You’ve held their hands, taught them their ABC’s and watched them grow into young adults. Now it’s time to take the next steps in caring for your teens – teaching them to be safe, responsible drivers. Driving lessons, professional instructors and safety courses are a great start. Today’s high-tech world, however, brings with it challenges and distractions that past generations didn’t have to deal with.
Don’t drive and selfie, for instance. The newest wave of unsafe driving behavior involves drivers taking photos of themselves while driving. According to a recent CNN article, “Young drivers snapping selfies at the wheel,” Instagram shows more than 3,727 posts under the #drivingselfie hashtag, more than 1,869 for the plural #drivingselfies, and more than 9,700 for #drivingtowork. Some users add the optimistic tag, #Ihopeidontcrash. Help your kids avoid “selfie-crashing” by pointing out the dangers of using their smart phones while in the driver seat.
Do as I do. It’s good to remember that teens (like all children) learn from example and by modeling the behavior of their parents and the adults around them. This includes driving habits. Studies have shown that novice drivers rarely have accidents when responsible adults are present in the car with them. Unfortunately you can’t always be in the passenger seat with them and eventually you’ll have to let them drive all on their own.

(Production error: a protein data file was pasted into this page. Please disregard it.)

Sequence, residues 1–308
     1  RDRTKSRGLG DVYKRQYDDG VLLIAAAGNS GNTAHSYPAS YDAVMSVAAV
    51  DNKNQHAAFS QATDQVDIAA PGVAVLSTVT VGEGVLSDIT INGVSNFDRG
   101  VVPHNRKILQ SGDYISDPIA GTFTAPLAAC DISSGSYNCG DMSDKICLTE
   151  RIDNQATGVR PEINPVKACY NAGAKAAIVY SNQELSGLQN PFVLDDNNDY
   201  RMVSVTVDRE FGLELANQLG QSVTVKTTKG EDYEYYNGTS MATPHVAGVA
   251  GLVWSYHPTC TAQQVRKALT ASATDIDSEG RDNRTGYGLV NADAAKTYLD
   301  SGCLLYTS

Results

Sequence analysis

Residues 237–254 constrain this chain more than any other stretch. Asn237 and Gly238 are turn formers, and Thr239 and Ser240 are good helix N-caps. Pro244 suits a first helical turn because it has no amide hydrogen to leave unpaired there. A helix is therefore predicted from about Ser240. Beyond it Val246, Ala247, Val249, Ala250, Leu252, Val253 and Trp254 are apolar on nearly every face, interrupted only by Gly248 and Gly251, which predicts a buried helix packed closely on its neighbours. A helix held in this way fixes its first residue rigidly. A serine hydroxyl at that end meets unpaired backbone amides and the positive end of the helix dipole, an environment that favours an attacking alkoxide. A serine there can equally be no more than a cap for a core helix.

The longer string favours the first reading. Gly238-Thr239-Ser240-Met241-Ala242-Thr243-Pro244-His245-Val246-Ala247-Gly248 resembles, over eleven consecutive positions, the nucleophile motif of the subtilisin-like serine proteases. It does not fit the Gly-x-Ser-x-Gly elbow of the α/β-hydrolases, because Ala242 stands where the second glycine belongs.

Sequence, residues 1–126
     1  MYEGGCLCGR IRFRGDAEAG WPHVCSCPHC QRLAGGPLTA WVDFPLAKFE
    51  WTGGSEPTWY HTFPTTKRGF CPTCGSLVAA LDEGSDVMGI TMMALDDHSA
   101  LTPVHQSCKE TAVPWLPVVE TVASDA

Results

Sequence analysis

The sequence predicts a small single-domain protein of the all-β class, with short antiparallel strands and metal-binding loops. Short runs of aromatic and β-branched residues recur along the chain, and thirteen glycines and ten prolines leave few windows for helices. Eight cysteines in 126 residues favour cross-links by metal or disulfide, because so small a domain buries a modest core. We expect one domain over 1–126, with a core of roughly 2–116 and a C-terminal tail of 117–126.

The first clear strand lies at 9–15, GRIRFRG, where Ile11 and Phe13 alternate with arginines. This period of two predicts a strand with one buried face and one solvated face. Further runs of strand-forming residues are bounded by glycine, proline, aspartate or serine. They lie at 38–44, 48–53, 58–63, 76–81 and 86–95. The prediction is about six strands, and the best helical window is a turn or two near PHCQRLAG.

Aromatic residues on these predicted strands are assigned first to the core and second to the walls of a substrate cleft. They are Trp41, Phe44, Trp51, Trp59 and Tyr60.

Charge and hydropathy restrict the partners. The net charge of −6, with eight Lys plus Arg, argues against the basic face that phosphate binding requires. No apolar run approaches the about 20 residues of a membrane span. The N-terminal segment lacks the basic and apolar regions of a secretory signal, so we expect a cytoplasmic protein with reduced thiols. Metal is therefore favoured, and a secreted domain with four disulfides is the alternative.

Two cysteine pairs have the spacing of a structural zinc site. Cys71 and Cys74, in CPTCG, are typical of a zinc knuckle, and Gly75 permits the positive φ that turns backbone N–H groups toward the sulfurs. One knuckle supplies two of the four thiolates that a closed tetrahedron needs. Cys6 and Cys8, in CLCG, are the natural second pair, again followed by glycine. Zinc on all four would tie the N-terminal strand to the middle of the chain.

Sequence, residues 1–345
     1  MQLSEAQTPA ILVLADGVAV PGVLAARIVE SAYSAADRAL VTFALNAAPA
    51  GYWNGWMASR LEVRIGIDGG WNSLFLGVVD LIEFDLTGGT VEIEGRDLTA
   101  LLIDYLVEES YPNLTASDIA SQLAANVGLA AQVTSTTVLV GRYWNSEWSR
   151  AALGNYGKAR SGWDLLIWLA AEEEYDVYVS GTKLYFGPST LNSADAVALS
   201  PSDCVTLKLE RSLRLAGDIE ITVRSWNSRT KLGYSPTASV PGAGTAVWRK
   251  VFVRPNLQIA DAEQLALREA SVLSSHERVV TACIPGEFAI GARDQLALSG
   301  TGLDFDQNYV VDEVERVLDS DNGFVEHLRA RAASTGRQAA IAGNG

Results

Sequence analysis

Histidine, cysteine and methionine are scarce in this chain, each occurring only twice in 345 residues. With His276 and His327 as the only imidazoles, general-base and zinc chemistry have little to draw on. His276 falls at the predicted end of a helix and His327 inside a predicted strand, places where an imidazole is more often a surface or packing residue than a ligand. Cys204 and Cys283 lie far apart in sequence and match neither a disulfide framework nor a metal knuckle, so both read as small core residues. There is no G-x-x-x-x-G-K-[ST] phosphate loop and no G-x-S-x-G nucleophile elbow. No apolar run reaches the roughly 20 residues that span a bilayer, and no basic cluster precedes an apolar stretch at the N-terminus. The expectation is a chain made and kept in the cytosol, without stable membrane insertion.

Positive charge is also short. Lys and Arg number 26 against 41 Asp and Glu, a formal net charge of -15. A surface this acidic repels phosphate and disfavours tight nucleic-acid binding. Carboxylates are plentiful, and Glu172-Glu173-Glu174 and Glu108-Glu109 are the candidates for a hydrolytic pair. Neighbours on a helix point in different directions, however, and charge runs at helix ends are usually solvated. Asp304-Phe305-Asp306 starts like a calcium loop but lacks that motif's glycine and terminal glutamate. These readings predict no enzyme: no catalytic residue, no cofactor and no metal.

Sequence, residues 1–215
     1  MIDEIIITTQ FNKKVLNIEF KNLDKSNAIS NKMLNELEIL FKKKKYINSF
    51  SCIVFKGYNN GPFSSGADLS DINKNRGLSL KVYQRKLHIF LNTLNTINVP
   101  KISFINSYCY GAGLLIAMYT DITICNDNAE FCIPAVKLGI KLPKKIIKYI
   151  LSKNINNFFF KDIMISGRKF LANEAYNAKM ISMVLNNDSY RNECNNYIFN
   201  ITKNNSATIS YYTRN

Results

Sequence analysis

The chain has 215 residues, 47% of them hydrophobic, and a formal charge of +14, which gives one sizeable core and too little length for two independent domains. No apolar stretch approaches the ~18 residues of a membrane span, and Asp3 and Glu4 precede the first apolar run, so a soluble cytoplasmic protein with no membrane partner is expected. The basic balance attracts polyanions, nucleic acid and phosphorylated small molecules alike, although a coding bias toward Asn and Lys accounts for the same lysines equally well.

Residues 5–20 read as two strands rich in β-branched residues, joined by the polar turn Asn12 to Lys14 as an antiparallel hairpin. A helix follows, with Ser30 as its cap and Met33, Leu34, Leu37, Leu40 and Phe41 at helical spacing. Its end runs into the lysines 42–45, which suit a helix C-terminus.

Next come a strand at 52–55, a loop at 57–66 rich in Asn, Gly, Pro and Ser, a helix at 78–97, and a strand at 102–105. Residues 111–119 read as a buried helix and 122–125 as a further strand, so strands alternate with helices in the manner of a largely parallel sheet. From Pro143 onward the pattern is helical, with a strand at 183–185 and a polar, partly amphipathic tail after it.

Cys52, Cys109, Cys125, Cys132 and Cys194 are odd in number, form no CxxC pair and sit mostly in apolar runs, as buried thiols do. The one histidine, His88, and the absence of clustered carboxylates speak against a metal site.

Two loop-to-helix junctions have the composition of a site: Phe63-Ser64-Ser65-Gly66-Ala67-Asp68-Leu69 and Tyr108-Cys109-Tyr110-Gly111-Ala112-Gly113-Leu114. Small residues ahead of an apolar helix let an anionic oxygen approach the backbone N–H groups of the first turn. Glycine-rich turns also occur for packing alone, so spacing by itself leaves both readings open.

Don’t turn your car into your dining room. Teens have busy schedules and might look at eating while driving as a multi-tasking timesaver. According to a recent CBS story, however, experts say eating while driving can increase a motorist’s chances of a car accident by 80 percent. Much like texting, eating while driving is another type of distracted driving that can end in tragedy.
Be prepared. Even if your teen is the best of drivers, the odds of an accident are still high. With so many vehicles on the roads today, a car accident occurs on an average of about once every six seconds. According to a recent CDC study about distracted driving, more than 9 people are killed each day in the United States and more than 1,060 people are injured in crashes that are reported to involve a distracted driver. If your teen is involved in an accident, help them be prepared with the list on our website.
Remember, by practicing, modeling responsible behavior, and establishing good driving habits together, you’ll be well on the way to setting your teen on the path toward a safer driving future.